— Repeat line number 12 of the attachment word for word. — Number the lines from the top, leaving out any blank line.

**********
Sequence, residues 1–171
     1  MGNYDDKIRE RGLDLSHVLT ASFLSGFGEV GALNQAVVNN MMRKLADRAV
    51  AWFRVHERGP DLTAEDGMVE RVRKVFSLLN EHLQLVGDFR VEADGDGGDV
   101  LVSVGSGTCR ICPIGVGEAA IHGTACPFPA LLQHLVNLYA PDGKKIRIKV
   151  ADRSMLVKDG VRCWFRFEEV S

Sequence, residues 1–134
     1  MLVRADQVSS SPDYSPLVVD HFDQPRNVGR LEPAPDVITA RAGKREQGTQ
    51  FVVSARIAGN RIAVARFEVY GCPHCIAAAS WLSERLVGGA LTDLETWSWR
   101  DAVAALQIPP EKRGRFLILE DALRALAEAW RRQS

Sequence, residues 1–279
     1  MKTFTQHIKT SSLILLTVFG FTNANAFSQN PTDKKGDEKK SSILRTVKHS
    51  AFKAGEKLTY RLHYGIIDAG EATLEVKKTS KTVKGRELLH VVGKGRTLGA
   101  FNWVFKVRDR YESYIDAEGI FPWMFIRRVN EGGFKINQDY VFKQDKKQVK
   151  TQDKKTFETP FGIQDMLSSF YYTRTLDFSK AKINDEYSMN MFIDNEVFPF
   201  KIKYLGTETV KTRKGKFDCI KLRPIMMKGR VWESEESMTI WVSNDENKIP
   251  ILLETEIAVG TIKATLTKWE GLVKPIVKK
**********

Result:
    51  AFKAGEKLTY RLHYGIIDAG EATLEVKKTS KTVKGRELLH VVGKGRTLGA